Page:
Poland’s acclaimed nonfiction writer Ryszard Kapuscinski, who died on
January 23 at the age of 74, was an unsurpassed chronicler of the Third
World. His best-known works, widely read and translated, included Shah
of Shahs, a documentary collage on Islamic revolution in Iran; The
Soccer War, stories about upheavals in Latin America; Imperium, an
insightful, at times metaphoric, account of the fall of the Soviet
Union; and Shadow of the Sun, a collection of poetic sketches from “his”
He considered himself a “translator of cultures.” Tirelessly spanning
the globe for half a century, he witnessed some thirty coups and
revolutions, courageously confronting the powerful (he came to know Che
Guevara, Idi Amin and Salvadore Allende) and patiently listening to the
I first met him as a budding AP journalist in my native Warsaw. Fresh
out of university, I often worried that someone as shy as myself would
never make a good reporter. It turned out that this great journalist,
whom I had admired since my teenage years, was even shyer than I was.
Late one evening, he stopped by to say that his fax machine had broken
down, and could he please use one in our office if it’s not too much
trouble? We started talking. I trembled and stumbled. He smiled and
I later learned that just like me, he often dreaded asking questions,
especially in public. But he never needed to. Self-effacing and
delicate, he simply inspired trust. Desperate African mother, tired
shipyard worker, hardened dictator or reckless revolutionary–across
continents people from all walks of life would willingly share with him
whatever they could: a shabby hut and a bowl of soup, their fears and
Born March 3, 1932, he spent his early childhood in the ethnically
diverse Pinsk (today part of Belarus). He was 7 years old when World War
II began–perhaps the most formative experience of his life. Six
decades later, when I knew him, he would still vividly remember what it
meant to be hungry, how humiliated he felt lacking shoes, how it felt to
go to bed in a frozen apartment. Even more acute was the intellectual
poverty–going to school without books, pencils or even a simple
Paradoxically, it turned out to be invaluable journalistic training.
His Pinsk experience allowed him to feel comfortable amid the poor,
displaced and humiliated all over the world. He never had to struggle to
imagine how they felt; he knew. This empathy was probably one of the
most potent of his journalistic tools.
Another was his ability to transform his unique raw material into
powerful metaphors. A master of the wide angle, Kapuscinski would often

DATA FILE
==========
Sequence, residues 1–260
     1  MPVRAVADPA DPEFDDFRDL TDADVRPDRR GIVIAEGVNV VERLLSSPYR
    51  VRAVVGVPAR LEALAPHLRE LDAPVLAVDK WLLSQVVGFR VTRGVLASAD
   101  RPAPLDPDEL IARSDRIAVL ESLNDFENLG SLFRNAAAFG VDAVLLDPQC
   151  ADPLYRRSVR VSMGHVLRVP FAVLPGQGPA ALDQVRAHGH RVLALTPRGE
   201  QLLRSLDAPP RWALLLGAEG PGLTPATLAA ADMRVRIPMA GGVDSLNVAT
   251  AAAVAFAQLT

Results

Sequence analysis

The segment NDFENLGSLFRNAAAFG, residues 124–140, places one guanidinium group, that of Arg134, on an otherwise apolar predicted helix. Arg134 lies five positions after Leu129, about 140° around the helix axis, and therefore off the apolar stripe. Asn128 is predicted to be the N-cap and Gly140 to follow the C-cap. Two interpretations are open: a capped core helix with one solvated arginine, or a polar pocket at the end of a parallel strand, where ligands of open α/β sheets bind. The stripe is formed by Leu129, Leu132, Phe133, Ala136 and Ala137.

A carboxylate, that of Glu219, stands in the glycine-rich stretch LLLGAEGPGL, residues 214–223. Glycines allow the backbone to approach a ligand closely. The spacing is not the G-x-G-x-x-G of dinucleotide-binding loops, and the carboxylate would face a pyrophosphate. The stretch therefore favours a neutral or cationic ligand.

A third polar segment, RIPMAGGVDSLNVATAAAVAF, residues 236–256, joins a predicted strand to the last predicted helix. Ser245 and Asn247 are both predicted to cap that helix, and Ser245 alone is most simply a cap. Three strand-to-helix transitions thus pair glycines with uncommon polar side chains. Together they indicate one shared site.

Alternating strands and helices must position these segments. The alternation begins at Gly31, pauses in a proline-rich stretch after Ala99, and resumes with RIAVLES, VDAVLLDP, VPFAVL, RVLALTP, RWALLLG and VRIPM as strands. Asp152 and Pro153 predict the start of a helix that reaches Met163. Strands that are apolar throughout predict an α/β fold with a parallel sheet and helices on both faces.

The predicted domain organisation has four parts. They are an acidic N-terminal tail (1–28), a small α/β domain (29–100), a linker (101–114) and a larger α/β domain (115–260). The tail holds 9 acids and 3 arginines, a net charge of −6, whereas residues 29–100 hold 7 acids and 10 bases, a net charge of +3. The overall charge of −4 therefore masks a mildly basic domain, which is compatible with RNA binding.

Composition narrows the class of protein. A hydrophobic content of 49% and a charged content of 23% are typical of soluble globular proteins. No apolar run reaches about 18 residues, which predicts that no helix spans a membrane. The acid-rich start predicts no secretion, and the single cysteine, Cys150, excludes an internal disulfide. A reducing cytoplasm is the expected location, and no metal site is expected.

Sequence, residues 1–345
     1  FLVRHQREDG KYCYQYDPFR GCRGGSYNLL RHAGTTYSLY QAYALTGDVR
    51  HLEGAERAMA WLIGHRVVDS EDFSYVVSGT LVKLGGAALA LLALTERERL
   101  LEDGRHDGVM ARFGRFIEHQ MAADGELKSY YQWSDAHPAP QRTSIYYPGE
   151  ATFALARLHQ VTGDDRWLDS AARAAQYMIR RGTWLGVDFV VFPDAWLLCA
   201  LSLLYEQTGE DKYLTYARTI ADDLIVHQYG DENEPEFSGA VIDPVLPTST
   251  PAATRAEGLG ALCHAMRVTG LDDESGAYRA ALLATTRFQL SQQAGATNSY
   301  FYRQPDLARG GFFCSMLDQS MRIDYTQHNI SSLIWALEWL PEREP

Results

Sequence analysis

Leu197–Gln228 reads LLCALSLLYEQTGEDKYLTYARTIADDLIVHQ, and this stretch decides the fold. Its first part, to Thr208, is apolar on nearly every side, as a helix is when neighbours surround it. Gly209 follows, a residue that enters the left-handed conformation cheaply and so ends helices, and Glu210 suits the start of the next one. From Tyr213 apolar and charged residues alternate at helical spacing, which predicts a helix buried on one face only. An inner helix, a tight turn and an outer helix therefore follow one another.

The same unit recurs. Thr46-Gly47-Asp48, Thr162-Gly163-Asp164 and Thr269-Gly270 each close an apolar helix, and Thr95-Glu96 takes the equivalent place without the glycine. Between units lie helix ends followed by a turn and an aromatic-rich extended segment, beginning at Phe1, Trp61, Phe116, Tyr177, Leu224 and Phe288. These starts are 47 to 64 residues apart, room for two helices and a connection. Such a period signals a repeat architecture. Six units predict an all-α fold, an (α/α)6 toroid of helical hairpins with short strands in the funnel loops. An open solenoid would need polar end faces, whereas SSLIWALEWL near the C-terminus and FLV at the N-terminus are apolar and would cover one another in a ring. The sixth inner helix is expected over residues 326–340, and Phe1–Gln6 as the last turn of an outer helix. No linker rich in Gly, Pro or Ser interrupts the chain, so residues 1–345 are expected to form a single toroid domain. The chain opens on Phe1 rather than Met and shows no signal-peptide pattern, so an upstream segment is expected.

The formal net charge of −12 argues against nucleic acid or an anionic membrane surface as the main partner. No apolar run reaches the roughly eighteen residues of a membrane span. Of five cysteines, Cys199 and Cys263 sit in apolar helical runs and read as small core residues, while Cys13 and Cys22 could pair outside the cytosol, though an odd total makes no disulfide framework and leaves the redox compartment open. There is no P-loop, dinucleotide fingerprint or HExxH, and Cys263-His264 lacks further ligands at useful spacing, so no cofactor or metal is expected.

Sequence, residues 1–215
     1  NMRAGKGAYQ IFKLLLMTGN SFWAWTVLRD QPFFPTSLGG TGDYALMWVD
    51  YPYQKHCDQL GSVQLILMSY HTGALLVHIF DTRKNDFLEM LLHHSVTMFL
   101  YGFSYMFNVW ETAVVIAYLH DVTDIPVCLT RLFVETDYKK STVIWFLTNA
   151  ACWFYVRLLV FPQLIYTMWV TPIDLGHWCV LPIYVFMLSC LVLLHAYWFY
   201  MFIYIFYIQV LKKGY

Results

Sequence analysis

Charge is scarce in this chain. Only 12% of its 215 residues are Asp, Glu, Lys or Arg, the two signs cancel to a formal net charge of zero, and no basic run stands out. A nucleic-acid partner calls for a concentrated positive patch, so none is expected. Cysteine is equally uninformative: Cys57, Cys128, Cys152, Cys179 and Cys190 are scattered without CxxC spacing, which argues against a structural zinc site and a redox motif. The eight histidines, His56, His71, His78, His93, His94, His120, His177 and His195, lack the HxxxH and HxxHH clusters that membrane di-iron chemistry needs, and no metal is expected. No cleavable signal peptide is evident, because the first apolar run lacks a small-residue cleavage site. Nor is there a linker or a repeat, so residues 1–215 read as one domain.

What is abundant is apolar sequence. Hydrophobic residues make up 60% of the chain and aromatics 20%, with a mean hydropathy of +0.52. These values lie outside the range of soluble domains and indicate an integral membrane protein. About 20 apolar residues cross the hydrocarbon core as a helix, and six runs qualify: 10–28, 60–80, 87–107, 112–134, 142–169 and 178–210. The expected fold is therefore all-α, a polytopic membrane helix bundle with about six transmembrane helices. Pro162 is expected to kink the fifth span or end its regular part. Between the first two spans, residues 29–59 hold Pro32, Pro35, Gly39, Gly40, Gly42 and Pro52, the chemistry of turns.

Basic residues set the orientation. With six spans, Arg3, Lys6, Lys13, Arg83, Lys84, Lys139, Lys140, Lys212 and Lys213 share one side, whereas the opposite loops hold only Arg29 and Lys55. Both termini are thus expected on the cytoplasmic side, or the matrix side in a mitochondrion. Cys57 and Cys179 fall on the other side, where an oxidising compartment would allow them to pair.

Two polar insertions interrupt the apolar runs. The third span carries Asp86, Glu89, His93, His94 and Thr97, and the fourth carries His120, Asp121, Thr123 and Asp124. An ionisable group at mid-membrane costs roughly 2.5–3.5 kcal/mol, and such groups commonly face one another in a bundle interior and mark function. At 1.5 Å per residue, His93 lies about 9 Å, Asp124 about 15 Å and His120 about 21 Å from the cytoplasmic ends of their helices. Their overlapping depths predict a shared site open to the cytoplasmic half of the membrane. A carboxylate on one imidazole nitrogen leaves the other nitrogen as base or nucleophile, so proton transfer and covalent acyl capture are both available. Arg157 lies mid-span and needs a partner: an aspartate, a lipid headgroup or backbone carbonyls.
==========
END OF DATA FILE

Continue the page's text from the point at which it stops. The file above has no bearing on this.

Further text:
transcend beyond a seemingly mundane detail to capture something more
elusive and important. This technique, employed perhaps most
impressively in Emperor–ostensibly an account of the fall of Ethiopia’s
Haile Selassie, but widely interpreted as a reflection on all
dictatorships–became his trademark.
Kapuscinski’s beautiful, poetic prose, sometimes compared to magic
realism of Latin American writers, appeared effortless. Deceptively. His
harrowing trips were preceded and followed by painstaking
research–countless hours spent in his secluded study, filled with
books, maps and newspaper clips. He did not have a phone there, he never
used the Internet and he couldn’t even be persuaded to use a computer.
He shunned modern equipment. But he was an avid reader. He would enter
into dialogue with generations of historians, writers, thinkers who had
traveled the path he was about to take. Out of this dialogue came the
richness of his work and the depth of his insights.
Fascism, communism, colonialism, racism–he experienced firsthand the
greatest plagues of the twentieth century. If there was one common
denominator, one root of all this evil, Kapuscinski believed, it was the
scary divide between the haves and have-nots, rich North and deprived
South. He aspired to being a messenger between these two worlds, a
translator of cultures.
On numerous occasions in my journalistic career I felt discouraged
because efforts to bridge these two distant worlds seemed futile. He
would provide encouragement and inspiration. An invaluable mentor to
scores of journalists all over the world, he was able to infect us with
deep belief in the value of our profession.
We would flock to his book-filled attic to recharge batteries. He was
someone who provided direction and perspective when we felt lost or
confused. I haven’t been there since 2001. Interviewing him for the BBC
just days after September 11, I never imagined it was my last time in
his attic. “I greatly fear that we will waste this moment. That instead
of meaningful dialogue, it will just be gates and metal detectors,” he
Six years later, thousands of miles away, I learned this week he
already went through his last gate, and I did not manage to catch him.
In the past I occasionally worked as his assistant and translator. But
in reality, it was the other way around. Farewell, my Translator. Thank
you for everything.